We already knew about grey, blue and green hydrogen. Here is the orange version, named after a process developed by the CNRS (the French National Centre for Scientific Research).
Some geological formations have the property to generate hydrogen naturally, by oxidation-reduction between the iron contained in their minerals and water. It turns out that iron – which makes up about 5% of the earth’s mass crust – could become a huge hydrogen factory. A research team including scientists from CNRS-INSU* has developed a technique, called “orange hydrogen”, to accelerate this natural production in order to exploit it for the energy transition.
This hydrogen, whose name refers to the orange colour of the iron oxides produced, combines hydrogen generation with CO2 sequestration. The advantage is that the targeted geological formations can also be used as a repository to trap CO2. When they come into contact with water enriched with carbon dioxide, a second chemical reaction occurs that precipitates carbonates, i.e. CO2 in solid form, thus preventing it from contributing to the greenhouse effect and global warming.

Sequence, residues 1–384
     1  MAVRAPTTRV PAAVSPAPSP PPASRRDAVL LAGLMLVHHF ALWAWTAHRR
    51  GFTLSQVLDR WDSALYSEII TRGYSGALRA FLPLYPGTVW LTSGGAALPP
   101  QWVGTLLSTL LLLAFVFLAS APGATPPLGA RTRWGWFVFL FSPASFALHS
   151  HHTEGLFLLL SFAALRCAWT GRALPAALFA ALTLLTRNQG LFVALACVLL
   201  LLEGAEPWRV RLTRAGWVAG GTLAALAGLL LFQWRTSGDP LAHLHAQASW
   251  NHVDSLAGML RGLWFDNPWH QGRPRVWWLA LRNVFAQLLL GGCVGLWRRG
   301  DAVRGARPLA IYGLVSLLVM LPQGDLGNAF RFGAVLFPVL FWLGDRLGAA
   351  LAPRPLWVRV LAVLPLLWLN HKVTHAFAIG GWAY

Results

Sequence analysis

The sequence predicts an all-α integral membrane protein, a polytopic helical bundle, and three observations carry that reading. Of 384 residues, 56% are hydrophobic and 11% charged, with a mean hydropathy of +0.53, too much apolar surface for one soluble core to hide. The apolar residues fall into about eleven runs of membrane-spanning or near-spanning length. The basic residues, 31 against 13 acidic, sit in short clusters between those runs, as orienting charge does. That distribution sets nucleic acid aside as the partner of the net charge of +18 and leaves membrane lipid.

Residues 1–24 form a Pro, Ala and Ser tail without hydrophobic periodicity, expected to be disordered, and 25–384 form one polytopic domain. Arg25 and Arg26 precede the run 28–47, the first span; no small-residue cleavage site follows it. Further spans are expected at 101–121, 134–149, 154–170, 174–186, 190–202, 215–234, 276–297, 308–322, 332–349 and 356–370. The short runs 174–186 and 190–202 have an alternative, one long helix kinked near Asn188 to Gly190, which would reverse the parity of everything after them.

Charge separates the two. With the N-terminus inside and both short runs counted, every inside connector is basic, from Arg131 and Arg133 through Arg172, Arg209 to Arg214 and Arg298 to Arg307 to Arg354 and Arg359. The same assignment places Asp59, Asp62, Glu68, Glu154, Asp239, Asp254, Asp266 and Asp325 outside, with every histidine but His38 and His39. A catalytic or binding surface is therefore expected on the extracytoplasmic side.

The exploitation of orange hydrogen is based on injection and extraction wells, similar to geothermal power plants. The water, previously charged with CO2, is injected into the target rock formation through a well. The water then percolates into the rock, reacts, gets rid of its CO2, enriches with hydrogen, and is eventually recovered by extraction wells. This technique has worked on a rock core a few centimetres thick, but now it has to be scaled up.
The scientists’ calculations show that there are several million years’ worth of hydrogen sleeping under our feet.
*National Institute for the Sciences of the Universe
Article written by Laurent Meillaud, translated by Logan King and reviewed by Marina Leite.